Georgia coach Kirby Smart feels closer than ever to players

Georgia coach Kirby Smart and the Bulldogs are set to open preseason camp on Monday, Aug. 17, 2020. (Curtis Compton/ccompton@ajc.com)

Credit: Curtis Compton

Credit: Curtis Compton

Georgia coach Kirby Smart said some unexpected benefits have come with all the delays and restrictions dogging college football this year. He said he has gotten to know the players better and received more feedback from them than he has at any time in his career with the Bulldogs.

“We’ve got a really good core group,” Smart said Thursday night during a brief appearance on 680 The Fan’s Georgia High School Athletics Roundtable. “I would say this: Of all the teams I’ve had – and I guess I’m going on my fifth year – I’ve spent more time with the leadership group and with the players and visiting with them probably than I have the other four probably combined.”

After the coronavirus pandemic initially shut down college athletics in March, Georgia players returned to campus for voluntary workouts in early June and have remained semi-sequestered ever since. SEC teams were allowed to begin limited team workouts July 15.

On Monday, the Bulldogs will begin preseason camp 10 days later than originally scheduled. That was the plan the SEC introduced when it voted to play a 10-game conference schedule that will begin Sept. 26.

Thanks to all the delays and modifications created by the SEC’s attempt to keep the football season alive, Smart has found himself talking with the players more than ever. And he has found those meetings have been more meaningful and enlightening than ever.

“You’ve got to hear their voices,” Smart said in the interview with 247Sports.com’s Rusty Mansell, which was streamed on 680 The Fan’s YouTube channel late Thursday night. “I mean, we’ve got social injustice going on in the world; we’ve got unbelievable things happening with COVID and the pandemic; there’s the fear of them getting injured or being sick. There’s just so much information out there, and it’s coming so fast at them that we’ve made a concerted effort as a staff to spend time with them and hear their voice and ask them, ‘what can we do to assure you everything’s going to be OK? How can we do a better job of servicing you and servicing the community?’

“Doing that has shown me the likes of Jamaree Salyer, Richard LeCounte, Azeez (Ojulari), Travon Walker, Kearis (Jackson), so many guys who are a part of this group. Their leadership has been on the forefront because we haven’t had the natural opportunities like spring practice and recruiting events, so we’ve had to do it different ways.”

In a normal year, Georgia would be at least a week into preseason camp by now and coming out of a summer that was full of prospect camps and recruiting events. Instead, they have not had recruits on campus since January.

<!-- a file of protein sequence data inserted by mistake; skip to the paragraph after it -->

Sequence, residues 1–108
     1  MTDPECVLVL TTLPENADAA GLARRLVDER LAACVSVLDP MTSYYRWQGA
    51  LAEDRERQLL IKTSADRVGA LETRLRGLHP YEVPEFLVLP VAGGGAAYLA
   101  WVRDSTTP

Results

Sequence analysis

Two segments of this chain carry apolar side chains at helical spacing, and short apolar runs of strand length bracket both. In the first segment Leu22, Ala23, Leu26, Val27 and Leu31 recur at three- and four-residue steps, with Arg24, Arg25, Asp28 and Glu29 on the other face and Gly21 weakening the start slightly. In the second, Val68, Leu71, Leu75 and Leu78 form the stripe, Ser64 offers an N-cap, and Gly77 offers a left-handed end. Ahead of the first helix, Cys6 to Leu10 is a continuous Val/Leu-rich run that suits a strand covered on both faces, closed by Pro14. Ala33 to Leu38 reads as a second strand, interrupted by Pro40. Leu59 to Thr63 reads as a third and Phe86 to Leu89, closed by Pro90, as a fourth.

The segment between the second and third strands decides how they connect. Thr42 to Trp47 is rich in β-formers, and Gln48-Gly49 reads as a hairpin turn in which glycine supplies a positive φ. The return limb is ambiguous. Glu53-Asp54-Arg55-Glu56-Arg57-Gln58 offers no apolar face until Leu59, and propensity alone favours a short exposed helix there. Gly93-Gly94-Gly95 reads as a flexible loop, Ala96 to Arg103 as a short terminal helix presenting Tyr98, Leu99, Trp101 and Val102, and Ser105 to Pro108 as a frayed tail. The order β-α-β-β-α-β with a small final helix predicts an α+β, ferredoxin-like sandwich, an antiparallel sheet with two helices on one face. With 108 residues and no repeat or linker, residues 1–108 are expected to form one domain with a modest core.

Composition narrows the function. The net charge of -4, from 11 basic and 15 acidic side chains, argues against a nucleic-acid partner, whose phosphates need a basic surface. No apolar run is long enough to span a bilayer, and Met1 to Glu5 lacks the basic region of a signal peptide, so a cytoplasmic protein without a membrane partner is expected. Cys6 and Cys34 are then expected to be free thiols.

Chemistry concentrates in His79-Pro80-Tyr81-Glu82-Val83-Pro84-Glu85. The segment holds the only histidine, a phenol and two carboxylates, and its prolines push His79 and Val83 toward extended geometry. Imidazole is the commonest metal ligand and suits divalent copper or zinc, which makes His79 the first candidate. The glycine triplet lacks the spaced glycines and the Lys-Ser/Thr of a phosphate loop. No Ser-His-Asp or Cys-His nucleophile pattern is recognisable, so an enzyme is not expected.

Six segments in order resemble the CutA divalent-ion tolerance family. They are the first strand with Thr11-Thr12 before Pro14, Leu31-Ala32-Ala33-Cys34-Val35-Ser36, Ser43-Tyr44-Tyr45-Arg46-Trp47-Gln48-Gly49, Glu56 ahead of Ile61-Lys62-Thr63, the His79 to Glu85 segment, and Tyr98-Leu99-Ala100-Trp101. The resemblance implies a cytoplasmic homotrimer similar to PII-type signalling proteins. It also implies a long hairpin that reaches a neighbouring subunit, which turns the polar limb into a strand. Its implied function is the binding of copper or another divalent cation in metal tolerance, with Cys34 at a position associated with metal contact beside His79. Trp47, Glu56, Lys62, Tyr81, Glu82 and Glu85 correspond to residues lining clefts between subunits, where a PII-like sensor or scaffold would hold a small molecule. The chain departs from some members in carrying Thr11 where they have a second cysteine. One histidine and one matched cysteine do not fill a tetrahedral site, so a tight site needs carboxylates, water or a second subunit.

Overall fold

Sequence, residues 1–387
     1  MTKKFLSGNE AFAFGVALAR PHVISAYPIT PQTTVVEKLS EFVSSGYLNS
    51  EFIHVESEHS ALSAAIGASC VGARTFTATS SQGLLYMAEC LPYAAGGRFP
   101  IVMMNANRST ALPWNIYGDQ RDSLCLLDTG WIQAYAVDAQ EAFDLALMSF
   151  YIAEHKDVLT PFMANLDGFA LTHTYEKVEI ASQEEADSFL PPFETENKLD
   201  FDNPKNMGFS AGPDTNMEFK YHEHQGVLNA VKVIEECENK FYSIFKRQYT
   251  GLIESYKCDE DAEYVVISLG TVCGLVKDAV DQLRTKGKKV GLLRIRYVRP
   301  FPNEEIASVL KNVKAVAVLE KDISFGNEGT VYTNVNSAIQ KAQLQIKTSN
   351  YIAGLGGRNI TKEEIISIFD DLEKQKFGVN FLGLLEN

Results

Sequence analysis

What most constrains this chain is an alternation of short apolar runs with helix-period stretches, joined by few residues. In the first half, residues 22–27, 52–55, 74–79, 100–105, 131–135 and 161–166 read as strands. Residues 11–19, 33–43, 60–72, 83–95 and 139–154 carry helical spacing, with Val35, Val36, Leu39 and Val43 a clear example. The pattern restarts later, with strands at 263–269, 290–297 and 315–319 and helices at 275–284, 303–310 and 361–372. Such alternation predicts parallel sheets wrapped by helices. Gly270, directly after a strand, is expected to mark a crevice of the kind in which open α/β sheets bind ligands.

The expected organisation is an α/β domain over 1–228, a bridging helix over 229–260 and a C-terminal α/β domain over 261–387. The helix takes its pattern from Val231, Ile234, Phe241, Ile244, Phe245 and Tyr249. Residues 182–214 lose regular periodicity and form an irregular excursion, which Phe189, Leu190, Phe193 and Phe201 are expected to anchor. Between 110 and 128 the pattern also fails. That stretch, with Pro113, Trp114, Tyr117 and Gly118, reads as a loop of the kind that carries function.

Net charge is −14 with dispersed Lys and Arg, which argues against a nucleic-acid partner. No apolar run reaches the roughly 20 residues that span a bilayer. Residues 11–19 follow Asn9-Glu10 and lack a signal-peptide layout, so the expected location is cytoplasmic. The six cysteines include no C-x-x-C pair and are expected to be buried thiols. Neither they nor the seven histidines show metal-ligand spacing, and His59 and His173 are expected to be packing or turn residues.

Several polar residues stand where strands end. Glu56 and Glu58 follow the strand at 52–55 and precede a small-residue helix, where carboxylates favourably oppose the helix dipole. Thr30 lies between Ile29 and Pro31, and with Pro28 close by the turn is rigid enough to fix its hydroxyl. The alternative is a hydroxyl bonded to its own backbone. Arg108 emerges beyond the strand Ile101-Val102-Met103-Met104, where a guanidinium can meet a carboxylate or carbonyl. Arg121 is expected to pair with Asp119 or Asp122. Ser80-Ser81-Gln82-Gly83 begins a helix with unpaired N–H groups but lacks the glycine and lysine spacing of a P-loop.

The NCAA adopted a dead period for February, then Georgia’s spring practice was canceled the week before it was supposed to start in mid-March while UGA was on still spring break. The pandemic subsequently wiped out all the spring and summer evaluation periods.

The Bulldogs’ 2021 recruiting class currently is ranked 14th in the 247Sports Composite. That’s considerably lower than the average ranking of 2.6 Georgia’s classes during Smart’s watch. But he feels like they’re holding their own.

“For us, it’s been finding unique ways to reach people,” Smart said. “Obviously everybody started using Zoom and we wanted to be the first to get on there because we knew it was going to wear everybody out. You’ve got to get creative. This year has redefined all recruiting. People started using their roster, their players, more. People started using their support staff, or the parents of current players. You have to get creative. … I spent a lot more time this year on the phone and on Zoom.”

The attention will turn decidedly toward the current team over the next several weeks as Georgia enters preseason camp. The Bulldogs have been conducting 14 hours a week of practice that was limited to strength-and-conditioning work, walk-throughs and meetings. Next week they’ll be able to don helmets, then shoulder pads, and eventually hold fully padded, full-contact workouts.

The modified preseason practice calendar as presented by the SEC’s Return to Activity and Medical Guidance Task Force allows for the regular limit of 25 preseason practices, but in this case those workouts will be spread out over 40 days until Georgia’s opener against a still-unknown opponent Sept. 26.

While there are still so many unknowns, expectations remain high for the Bulldogs. They were picked No. 4 in the USA Today coaches poll. Then, again, those rankings came out when all teams were still planning to play. Since then, the Big Ten, Pac-12 and several other Group of Five conferences have elected to postpone football this fall.

So, what are Smart’s expectations?

“Our expectations are always the same: To get the most out of this team that we possible can,” Smart said. “And I really don’t know what that is yet. I don’t know those possibilities. We’ve got some unknowns at some positions, and we’ve got some talented competitions that I’m excited about. But while we’ve had some of this minicamp time, we’re going to have some hellified competitions at some positions and we have some talented young players that are going to help our roster.”

Probably the funniest thing Smart said was when Mansell asked him if he thought the Bulldogs were getting a break playing Alabama on the road this year. SEC teams are expected to be limited to 20-25 percent capacity if any spectators at all are allowed.

“I know this: They still have a stereo system,” Smart joked. “They’ll find a way to crank noise in there. I’m sure everybody in the SEC will.”